Writers constantly have to deal with rejection. My first was non-professional. It took place in High School when our English teacher allowed the class to rate poetry we had written. I wrote about my city-New York-and I sensed I had impressed our teacher. But the class was under-whelmed. Nothing our insrtuctor said could influence my fellow students. There I was stuck with a B-I tore up the poem.
The second rejection came from another teacher. This time our assignment was to write a short story. I wrote what I considered a larger-than-life romance complete with sexy hero and heroine, moonlight, roses, conflict, divorce and reconciliation. The story came back with, "Worst thing I ever read," scrawled in red ink across the first page.
I was still performing when I began to write a play. I realized that ther were many more parts written for men in plays, motion pictures and television then there were for women. I decided to write a play that focused on women. The play wasn't bad but...that's entirel different blog.
On to another play, a playwriting group, a small award, readings and a fictionalized story about my family-the first story to be published. Then-a box filled with letters of rejection-some encouraging-when an editor took the time to write a few words, some discouraging-a form letter. Then the first check-someone would actually pay to read something I wrote-I phot-copied the check and saved the letter.
Next came articles-historical and travel-with time spent on research. This led, in my opinion, to the most interesting part of rejection-the rare letter that was a put-down instead of a turn-down. Days, sometimes weeks of depression-the article thrown in a drawer until I could take it out, calmly examine the letter, mull it over, sleep on it until I could decide whether the rejection was deserved or whether the rejecter had a bad day. Should the piece be rewritten, destroyed or sent to another magazine? Happy to say the nasty rejections were wrong-the two articles that received them sold to bigger, more prestigious publications that paid a good deal more. What did I learn? Never throw anything out including a High School poem.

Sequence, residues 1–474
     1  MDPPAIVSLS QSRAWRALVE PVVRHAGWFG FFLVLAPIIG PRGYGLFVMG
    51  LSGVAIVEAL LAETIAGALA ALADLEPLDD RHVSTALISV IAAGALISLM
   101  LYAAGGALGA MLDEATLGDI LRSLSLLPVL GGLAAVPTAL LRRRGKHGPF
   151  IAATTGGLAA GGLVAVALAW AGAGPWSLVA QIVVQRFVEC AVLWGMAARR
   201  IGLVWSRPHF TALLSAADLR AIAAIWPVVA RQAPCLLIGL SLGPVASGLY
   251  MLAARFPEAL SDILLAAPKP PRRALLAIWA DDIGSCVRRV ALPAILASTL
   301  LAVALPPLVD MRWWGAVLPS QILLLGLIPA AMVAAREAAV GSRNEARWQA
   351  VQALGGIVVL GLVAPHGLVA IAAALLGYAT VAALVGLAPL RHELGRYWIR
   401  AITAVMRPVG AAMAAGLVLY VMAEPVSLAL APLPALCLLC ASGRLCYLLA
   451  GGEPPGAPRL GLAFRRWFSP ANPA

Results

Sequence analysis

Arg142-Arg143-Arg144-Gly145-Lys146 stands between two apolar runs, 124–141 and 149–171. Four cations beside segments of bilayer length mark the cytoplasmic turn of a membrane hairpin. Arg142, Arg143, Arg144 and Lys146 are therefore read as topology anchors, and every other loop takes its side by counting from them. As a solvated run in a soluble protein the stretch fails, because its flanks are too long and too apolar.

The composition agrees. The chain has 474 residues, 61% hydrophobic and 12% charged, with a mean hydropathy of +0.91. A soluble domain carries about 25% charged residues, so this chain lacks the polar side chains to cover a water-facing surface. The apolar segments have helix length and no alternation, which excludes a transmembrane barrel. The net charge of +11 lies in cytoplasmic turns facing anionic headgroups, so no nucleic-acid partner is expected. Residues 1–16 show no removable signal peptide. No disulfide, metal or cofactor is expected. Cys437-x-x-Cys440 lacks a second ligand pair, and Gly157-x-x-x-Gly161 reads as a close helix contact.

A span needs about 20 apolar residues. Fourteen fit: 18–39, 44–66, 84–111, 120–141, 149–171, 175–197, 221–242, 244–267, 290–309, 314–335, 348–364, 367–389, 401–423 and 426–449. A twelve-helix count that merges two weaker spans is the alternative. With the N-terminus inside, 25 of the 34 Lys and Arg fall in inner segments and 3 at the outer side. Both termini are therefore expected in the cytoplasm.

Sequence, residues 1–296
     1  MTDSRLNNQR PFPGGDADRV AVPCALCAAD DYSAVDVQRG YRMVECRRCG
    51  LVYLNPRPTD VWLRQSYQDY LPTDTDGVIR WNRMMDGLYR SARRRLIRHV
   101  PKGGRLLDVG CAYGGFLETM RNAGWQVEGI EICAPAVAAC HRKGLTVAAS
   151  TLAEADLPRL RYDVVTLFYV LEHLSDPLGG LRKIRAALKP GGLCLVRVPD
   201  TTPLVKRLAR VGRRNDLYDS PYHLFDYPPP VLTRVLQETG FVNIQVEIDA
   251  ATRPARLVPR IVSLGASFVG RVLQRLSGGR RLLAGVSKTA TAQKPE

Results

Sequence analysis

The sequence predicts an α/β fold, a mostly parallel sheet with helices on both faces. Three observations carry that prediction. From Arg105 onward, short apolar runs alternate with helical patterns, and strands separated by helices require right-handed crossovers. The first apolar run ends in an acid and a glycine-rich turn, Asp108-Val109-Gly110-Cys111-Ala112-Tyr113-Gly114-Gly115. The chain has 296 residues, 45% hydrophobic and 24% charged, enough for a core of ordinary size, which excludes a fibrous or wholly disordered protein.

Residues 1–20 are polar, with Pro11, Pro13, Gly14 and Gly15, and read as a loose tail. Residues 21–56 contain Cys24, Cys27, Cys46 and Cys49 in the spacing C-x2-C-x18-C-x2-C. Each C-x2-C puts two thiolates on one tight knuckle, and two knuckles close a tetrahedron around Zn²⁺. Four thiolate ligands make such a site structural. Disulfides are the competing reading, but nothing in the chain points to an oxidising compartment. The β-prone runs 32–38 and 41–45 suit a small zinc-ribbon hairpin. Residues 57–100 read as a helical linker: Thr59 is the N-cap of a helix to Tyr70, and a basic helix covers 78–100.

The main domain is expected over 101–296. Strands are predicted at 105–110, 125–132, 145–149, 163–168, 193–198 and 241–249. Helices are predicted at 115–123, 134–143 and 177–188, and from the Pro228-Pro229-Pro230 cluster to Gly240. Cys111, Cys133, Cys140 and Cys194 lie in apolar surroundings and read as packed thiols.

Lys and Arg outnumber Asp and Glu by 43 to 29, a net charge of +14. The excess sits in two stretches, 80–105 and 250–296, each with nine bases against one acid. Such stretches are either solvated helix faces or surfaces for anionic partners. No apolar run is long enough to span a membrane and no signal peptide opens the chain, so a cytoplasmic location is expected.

I would like to learn about your experiences with rejection and how you handled them.
NOT YOUR USUAL SUSPECTS
A group blog featuring an international array of killer mystery, suspense, and romantic suspense writers. With premises and story lines different from your run-of-the-mill whodunits, we tend to write outside the box. We blog several times a week on all topics relating to romantic suspense and mystery, our writing, and our readers. We welcome all comments! and often have guest bloggers.
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